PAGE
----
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A vision of integrated support

2nd April 2015 | Categories: Uncategorized

A vision of integrated supportIn the personalisation of care which is supported by the new Care Act, an important element is the integration of services to support the individual across a wider range of their needs. In responding to consultation, the Government stated that the Act would ‘simplify the care and support system and provide the freedom and flexibility to integrate with other local services, innovate and achieve better results for people’.

Integrating services to support older people, people with mental health problems, and with disability, has been a theme of developing services since the establishment of community care principles. It has continued to be supported by recent reports, the Francis report, the Bubb report, the Five Year Forward View, and other responses to problems which arise in the provision of support services nationally.

‘Our support, our lives’

Scope, a charity for disabled people, has produced a report, ‘Our support, our lives’, giving its vision of how integrated support should, and could work for people with disability. It sees this as supporting people with disability to lead the same aspirational kind of life as everyone else in work, education and contributing to family and society.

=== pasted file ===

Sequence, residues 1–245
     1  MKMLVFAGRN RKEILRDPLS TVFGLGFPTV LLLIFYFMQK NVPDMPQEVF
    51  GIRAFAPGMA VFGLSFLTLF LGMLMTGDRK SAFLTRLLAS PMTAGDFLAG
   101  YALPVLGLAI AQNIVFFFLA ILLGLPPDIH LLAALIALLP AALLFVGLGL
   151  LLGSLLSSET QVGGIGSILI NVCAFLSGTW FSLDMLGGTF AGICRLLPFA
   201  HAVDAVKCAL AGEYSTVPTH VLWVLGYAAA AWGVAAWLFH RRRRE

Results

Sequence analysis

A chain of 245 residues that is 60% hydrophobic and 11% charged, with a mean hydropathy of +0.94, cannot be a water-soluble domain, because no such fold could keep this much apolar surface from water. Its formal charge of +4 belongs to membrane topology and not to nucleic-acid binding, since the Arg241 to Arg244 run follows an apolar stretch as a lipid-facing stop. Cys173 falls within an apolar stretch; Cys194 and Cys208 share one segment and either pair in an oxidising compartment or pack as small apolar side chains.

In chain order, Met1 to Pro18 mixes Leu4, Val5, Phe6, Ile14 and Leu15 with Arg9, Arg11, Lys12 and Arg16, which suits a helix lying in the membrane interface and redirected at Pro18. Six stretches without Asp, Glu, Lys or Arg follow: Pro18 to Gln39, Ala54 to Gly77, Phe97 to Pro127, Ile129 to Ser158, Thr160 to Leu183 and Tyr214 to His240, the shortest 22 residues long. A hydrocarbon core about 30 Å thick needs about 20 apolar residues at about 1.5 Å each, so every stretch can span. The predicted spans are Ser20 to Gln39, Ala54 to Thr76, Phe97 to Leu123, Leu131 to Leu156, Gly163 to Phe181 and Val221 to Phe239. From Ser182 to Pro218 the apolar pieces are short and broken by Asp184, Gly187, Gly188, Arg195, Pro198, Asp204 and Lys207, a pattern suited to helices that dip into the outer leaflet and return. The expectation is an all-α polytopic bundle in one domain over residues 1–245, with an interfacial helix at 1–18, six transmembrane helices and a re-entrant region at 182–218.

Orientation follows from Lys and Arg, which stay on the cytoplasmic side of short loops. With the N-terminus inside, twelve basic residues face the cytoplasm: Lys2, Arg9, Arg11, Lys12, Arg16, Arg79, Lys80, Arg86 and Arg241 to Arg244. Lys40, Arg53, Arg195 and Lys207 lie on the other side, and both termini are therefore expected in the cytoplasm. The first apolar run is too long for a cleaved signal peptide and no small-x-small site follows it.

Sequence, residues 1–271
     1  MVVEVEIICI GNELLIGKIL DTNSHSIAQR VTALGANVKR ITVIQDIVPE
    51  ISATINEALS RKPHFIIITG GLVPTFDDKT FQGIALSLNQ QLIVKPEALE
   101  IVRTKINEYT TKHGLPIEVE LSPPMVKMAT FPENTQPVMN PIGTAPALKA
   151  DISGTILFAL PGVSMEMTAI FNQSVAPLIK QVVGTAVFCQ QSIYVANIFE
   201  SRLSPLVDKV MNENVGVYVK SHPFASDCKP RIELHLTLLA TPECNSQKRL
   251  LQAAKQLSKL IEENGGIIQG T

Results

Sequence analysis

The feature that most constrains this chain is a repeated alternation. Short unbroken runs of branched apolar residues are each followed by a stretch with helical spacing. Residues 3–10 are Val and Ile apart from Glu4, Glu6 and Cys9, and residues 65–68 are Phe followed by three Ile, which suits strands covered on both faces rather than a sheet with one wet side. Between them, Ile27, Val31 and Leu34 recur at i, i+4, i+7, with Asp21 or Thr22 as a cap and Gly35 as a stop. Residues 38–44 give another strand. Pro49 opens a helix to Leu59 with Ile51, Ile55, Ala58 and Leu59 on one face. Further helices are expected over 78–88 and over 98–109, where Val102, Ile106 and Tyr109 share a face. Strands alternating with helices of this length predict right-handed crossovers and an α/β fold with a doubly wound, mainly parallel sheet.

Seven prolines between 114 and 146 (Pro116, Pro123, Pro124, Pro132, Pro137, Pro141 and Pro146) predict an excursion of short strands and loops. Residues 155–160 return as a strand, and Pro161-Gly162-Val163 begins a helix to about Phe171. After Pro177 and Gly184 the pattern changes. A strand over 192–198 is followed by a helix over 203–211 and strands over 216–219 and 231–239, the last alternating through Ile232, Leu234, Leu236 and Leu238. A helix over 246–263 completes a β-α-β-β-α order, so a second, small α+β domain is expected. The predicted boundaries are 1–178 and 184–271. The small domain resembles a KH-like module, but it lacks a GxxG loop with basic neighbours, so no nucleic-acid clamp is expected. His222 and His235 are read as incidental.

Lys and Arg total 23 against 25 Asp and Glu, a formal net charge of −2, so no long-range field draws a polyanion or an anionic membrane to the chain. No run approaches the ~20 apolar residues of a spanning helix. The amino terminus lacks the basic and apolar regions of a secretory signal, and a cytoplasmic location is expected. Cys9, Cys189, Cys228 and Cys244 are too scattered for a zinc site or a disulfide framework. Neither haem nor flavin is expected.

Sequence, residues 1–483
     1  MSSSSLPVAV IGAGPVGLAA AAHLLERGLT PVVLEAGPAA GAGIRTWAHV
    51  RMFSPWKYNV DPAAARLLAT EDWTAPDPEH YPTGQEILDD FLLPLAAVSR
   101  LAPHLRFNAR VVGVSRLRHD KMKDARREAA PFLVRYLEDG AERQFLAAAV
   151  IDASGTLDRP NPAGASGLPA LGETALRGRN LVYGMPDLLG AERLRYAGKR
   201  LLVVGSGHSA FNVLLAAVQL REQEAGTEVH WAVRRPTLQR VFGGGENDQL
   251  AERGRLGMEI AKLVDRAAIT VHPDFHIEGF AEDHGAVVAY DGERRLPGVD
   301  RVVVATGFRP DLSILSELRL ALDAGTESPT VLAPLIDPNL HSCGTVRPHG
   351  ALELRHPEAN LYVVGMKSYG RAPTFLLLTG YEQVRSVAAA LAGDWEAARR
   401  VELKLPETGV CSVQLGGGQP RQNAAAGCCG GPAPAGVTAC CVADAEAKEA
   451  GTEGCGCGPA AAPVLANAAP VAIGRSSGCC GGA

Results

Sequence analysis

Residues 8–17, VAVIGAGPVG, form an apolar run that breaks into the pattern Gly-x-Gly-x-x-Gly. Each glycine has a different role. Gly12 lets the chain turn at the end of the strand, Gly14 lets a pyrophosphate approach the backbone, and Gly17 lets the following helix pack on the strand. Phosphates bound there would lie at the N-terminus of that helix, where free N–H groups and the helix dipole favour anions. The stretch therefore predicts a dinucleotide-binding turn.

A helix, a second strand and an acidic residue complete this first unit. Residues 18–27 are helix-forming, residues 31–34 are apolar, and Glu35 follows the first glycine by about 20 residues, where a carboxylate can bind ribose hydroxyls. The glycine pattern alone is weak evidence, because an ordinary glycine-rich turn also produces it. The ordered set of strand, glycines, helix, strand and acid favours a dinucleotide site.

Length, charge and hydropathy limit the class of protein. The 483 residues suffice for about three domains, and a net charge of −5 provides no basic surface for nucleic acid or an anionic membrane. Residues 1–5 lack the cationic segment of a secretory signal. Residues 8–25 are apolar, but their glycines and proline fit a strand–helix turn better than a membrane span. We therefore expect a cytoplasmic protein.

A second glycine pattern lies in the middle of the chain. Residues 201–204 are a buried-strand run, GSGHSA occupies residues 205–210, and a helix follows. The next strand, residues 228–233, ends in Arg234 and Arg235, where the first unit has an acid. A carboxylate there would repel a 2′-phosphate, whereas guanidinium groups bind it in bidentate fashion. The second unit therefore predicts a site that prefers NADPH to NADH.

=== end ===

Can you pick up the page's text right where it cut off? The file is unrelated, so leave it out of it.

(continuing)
‘Our support, our lives’ outlines the current shortcomings, opportunities for change, and a wider vision of the kind of services which could work together for people with disability. In times of increasing demand it is not just more cost-efficient to integrate services in wider partnership, it is more truly serving the interests and rights of people with support needs, including disability.

Integration of services

The report looks at the need for better outcomes, and the importance of focusing on the needs of people with disability, which Scope claims has not been a public priority in the past. Service provision, and statistical information on uptake and outcomes in services for this group has been piecemeal to date. Integrating services will mean better research providing better information, and a focus on using this in planning the integration of services for people with disability.

More planning, and better use of incentives in the Better Care Fund is advocated by the report. This has the promise to develop specific and age appropriate support for education, work and travel for people with disability.

The report has what I believe is an inspiring wider vision. That is one where all services, and education and employment, are integrated and working together for individuals, to enable holistic, responsive and flexible services for all. Let us hope that the Care Act will support working on these basic issues in support services.

Tony Clarke – QCS Expert Scottish Care Contributor

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